Optimal beam sources for Stark decelerators in collision experiments: a tutorial review.

Vogels SN, Gao Z, van de Meerakker SY - EPJ Tech Instrum (2015)

Arrival time distributions of NO radicals seeded in Ar, produced by an NPV (left) or JV (right) positioned at a distance of 87 mm from the interaction region. At selected arrival time positions, indicated by the letters A,B,C (NPV) or a,b,c (JV), the mean speed and velocity spreads of the packets are measured using velocity map imaging
© Copyright Policy - open-access
Related In: Results  -  Collection

License
Show All Figures
getmorefigures.php?uid=PMC4527007&req=5

Fig8: Arrival time distributions of NO radicals seeded in Ar, produced by an NPV (left) or JV (right) positioned at a distance of 87 mm from the interaction region. At selected arrival time positions, indicated by the letters A,B,C (NPV) or a,b,c (JV), the mean speed and velocity spreads of the packets are measured using velocity map imaging
Mentions: In Fig. 8, the arrival time distributions are shown for beams of NO seeded in Ar when the NPV (left panel) or the JV (right panel) is used. Arrival time distributions with widths (FWHM) of 20 μs and 45 μs are found for the NPV and the JV, respectively. Clearly, the opening time of the NPV is much narrower compared to the JV. The mean speed of the molecules along the opening time duration of both valves is measured by recording the velocity distribution of the NO packets at the selected arrival times indicated in the figure. The resulting VMI images, referred to as beamspots, are shown for both valves in the lower part of Fig. 8.Fig. 8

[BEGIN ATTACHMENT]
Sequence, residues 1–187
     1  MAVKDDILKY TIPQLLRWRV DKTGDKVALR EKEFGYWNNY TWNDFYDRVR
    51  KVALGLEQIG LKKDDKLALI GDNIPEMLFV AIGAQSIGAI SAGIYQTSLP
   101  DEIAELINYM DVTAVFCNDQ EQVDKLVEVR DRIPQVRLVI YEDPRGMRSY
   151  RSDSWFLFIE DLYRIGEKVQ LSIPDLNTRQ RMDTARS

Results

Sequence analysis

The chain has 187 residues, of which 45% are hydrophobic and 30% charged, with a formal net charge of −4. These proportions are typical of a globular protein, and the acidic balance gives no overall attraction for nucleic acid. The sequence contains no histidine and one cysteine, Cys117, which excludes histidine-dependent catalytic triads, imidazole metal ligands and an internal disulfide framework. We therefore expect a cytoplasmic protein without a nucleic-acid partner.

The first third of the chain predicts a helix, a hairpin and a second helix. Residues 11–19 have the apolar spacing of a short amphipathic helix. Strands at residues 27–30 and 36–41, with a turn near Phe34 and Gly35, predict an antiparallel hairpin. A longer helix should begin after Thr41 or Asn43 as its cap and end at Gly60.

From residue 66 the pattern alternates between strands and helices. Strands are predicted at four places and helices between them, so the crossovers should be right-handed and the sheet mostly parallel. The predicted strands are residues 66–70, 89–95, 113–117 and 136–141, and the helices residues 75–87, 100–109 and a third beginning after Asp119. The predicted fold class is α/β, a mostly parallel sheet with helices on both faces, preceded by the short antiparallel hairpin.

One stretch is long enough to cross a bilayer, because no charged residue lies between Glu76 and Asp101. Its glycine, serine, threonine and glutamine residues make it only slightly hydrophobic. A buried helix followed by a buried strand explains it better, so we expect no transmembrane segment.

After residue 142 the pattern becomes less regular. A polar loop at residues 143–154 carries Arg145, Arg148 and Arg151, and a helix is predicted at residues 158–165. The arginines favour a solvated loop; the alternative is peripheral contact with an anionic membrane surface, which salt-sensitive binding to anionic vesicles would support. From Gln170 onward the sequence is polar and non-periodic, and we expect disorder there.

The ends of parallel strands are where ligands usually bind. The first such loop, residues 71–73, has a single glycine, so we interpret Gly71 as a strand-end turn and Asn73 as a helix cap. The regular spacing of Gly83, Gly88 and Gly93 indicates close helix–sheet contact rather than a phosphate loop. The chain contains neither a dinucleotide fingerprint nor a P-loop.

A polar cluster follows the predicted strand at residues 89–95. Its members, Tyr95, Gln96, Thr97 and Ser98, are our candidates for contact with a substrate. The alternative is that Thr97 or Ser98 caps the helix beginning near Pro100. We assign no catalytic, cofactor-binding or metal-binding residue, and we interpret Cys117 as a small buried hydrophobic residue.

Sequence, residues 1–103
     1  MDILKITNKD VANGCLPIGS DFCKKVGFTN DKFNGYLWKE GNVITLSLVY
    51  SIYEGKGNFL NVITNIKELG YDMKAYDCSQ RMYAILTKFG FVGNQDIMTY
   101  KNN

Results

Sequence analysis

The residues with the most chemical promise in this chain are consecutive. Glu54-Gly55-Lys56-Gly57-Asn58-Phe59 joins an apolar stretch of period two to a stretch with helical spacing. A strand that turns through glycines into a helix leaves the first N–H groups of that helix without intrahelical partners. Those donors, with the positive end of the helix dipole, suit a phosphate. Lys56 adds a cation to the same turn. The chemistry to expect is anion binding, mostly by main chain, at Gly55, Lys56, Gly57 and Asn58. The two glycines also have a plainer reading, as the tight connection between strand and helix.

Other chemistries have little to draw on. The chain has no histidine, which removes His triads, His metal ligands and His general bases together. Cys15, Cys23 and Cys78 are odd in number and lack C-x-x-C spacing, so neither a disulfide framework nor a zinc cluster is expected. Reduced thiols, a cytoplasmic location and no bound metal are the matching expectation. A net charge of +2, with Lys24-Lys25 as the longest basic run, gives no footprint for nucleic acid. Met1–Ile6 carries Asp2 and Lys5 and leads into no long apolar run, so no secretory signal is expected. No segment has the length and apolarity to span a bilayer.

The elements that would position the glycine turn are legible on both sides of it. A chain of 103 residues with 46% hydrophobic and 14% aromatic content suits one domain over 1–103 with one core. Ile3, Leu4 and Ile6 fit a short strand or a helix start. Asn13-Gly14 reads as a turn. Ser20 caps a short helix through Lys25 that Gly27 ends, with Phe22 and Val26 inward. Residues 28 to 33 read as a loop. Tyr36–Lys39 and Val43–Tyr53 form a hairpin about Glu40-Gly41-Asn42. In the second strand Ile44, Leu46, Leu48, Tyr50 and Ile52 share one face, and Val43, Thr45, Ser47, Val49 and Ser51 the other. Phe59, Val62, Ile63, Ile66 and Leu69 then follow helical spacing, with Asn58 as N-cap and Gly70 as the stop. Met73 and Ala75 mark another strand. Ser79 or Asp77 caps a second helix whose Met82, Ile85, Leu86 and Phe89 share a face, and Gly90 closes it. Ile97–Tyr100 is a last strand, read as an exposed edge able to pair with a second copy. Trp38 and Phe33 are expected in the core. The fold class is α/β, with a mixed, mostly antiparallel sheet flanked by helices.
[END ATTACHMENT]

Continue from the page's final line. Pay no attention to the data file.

Bottom Line: The performance of two valves in particular, the Nijmegen Pulsed Valve and the Jordan Valve, is illustrated by decelerating ND 3 molecules in a 2.6 meter-long Stark decelerator.We describe a protocol to characterize the valve, and to optimally load the pulse of molecules into the decelerator.We characterize the valves regarding opening time duration, optimal valve-to-skimmer distance, mean velocity, velocity spread, state purity, and relative intensity.

View Article: PubMed Central - PubMed

Affiliation: Radboud University, Institute for Molecules and Materials, Heijendaalseweg 135, AJ Nijmegen, 6525 Netherlands.

ABSTRACT

With the Stark deceleration technique, packets of molecules with a tunable velocity, a narrow velocity spread, and a high state purity can be produced. These tamed molecular beams find applications in high resolution spectroscopy, cold molecule trapping, and controlled scattering experiments. The quality and purity of the packets of molecules emerging from the decelerator critically depend on the specifications of the decelerator, but also on the characteristics of the molecular beam pulse with which the decelerator is loaded. We consider three frequently used molecular beam sources, and discuss their suitability for molecular beam deceleration experiments, in particular with the application in crossed beam scattering in mind. The performance of two valves in particular, the Nijmegen Pulsed Valve and the Jordan Valve, is illustrated by decelerating ND 3 molecules in a 2.6 meter-long Stark decelerator. We describe a protocol to characterize the valve, and to optimally load the pulse of molecules into the decelerator. We characterize the valves regarding opening time duration, optimal valve-to-skimmer distance, mean velocity, velocity spread, state purity, and relative intensity.

No MeSH data available.